The Institute for Health Metrics and Evaluation
The Institute for Health Metrics and Evaluation (IHME) is a global health research organization at the University of Washington that provides rigorous and comparable measurement of the world's most important health problems and evaluates the strategies used to address them. IHME makes this information widely available so that policymakers have the evidence they need to make informed decisions about how to allocate resources to best improve population health.
Rhonda Stewart | EurekAlert!
Europe’s Demographic Future. Where the Regions Are Heading after a Decade of Crises
10.08.2017 | Berlin-Institut für Bevölkerung und Entwicklung
Scientists reveal source of human heartbeat in 3-D
07.08.2017 | University of Manchester
Whether you call it effervescent, fizzy, or sparkling, carbonated water is making a comeback as a beverage. Aside from quenching thirst, researchers at the University of Illinois at Urbana-Champaign have discovered a new use for these "bubbly" concoctions that will have major impact on the manufacturer of the world's thinnest, flattest, and one most useful materials -- graphene.
As graphene's popularity grows as an advanced "wonder" material, the speed and quality at which it can be manufactured will be paramount. With that in mind,...
Physicists at the University of Bonn have managed to create optical hollows and more complex patterns into which the light of a Bose-Einstein condensate flows. The creation of such highly low-loss structures for light is a prerequisite for complex light circuits, such as for quantum information processing for a new generation of computers. The researchers are now presenting their results in the journal Nature Photonics.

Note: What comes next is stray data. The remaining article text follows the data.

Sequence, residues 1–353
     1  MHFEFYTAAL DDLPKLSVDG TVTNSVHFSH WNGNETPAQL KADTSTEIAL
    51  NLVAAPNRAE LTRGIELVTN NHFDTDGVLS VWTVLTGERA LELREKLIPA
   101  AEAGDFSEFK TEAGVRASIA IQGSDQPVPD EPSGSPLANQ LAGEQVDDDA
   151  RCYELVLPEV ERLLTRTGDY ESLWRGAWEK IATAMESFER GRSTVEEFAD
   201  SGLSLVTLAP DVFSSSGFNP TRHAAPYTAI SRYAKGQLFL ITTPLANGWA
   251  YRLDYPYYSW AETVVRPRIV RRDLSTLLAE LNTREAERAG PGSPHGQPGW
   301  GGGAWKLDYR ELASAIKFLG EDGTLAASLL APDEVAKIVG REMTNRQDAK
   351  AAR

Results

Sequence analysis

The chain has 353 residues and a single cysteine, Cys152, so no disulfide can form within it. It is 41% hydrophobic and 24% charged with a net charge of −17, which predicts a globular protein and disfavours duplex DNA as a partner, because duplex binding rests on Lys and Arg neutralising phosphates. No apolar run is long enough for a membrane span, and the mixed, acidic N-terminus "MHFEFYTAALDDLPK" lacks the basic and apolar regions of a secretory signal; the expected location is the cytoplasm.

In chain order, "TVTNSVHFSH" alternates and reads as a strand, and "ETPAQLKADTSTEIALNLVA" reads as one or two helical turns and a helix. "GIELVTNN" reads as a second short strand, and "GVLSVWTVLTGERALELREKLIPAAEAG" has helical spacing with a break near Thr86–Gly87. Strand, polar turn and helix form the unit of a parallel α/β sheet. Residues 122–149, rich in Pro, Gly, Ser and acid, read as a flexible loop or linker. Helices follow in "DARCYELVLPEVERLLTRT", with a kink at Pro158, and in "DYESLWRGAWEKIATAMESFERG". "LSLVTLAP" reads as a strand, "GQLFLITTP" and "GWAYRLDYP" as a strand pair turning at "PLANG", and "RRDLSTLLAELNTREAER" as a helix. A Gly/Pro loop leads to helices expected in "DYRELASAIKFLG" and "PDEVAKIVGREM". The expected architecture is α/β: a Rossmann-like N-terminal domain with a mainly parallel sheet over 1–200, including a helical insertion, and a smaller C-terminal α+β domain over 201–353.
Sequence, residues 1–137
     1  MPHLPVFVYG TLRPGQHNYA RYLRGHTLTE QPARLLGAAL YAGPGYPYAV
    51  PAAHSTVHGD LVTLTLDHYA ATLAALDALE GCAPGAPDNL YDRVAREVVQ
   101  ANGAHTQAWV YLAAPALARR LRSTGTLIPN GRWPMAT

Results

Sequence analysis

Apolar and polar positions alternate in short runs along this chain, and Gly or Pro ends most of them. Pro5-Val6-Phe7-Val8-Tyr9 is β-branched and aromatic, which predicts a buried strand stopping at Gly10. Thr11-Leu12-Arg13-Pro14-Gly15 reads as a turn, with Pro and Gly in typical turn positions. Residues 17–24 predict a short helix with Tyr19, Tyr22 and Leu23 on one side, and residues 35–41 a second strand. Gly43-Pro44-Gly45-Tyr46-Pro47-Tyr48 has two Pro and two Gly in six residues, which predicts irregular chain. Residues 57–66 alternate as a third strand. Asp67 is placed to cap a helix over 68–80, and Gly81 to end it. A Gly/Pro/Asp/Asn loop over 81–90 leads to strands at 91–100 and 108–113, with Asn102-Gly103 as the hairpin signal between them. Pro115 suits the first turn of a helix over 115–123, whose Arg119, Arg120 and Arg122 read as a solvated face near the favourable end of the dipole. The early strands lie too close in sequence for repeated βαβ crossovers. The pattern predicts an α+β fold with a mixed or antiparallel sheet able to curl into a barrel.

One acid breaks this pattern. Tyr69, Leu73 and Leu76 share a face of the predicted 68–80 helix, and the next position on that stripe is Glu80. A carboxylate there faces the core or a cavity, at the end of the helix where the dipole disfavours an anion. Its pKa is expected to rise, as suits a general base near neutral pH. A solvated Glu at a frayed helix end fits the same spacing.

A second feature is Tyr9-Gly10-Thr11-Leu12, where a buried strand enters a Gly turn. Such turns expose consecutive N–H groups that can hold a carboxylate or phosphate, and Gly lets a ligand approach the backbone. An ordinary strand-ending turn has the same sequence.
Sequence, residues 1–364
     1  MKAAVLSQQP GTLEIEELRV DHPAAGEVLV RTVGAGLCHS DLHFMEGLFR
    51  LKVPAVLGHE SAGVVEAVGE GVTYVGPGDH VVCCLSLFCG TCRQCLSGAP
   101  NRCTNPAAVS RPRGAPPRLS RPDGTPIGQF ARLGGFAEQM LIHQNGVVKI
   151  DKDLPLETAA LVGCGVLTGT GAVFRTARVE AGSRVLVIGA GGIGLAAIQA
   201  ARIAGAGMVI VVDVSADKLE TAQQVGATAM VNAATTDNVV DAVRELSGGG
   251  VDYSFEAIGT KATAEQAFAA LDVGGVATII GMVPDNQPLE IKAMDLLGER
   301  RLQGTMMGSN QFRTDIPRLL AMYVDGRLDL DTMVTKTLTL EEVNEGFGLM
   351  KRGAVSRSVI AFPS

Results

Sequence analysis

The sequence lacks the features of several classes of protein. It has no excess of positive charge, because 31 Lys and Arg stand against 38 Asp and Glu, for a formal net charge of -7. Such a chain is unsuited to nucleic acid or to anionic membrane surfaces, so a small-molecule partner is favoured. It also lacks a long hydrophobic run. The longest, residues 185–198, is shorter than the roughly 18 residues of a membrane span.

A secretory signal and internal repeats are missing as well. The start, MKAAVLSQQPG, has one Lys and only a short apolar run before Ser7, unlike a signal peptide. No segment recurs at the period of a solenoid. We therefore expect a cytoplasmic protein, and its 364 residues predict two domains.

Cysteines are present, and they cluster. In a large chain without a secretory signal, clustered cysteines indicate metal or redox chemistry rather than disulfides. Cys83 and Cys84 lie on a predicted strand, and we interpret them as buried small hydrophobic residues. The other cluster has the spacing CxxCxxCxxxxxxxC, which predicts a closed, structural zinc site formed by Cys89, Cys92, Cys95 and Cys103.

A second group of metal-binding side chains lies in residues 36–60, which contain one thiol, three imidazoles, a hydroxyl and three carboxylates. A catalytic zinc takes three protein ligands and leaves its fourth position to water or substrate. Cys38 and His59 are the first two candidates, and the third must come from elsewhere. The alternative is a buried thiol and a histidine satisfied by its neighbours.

Light particles (photons) occur as tiny, indivisible portions. Many thousands of these light portions can be merged to form a single super-photon if they are...
For the first time, scientists have shown that circular RNA is linked to brain function. When a RNA molecule called Cdr1as was deleted from the genome of mice, the animals had problems filtering out unnecessary information – like patients suffering from neuropsychiatric disorders.
While hundreds of circular RNAs (circRNAs) are abundant in mammalian brains, one big question has remained unanswered: What are they actually good for? In the...
An experimental small satellite has successfully collected and delivered data on a key measurement for predicting changes in Earth's climate.
The Radiometer Assessment using Vertically Aligned Nanotubes (RAVAN) CubeSat was launched into low-Earth orbit on Nov. 11, 2016, in order to test new...
A study led by scientists of the Max Planck Institute for the Structure and Dynamics of Matter (MPSD) at the Center for Free-Electron Laser Science in Hamburg presents evidence of the coexistence of superconductivity and “charge-density-waves” in compounds of the poorly-studied family of bismuthates. This observation opens up new perspectives for a deeper understanding of the phenomenon of high-temperature superconductivity, a topic which is at the core of condensed matter research since more than 30 years. The paper by Nicoletti et al has been published in the PNAS.
Since the beginning of the 20th century, superconductivity had been observed in some metals at temperatures only a few degrees above the absolute zero (minus...
16.08.2017 | Event News
04.08.2017 | Event News
26.07.2017 | Event News
18.08.2017 | Life Sciences
18.08.2017 | Physics and Astronomy
18.08.2017 | Information Technology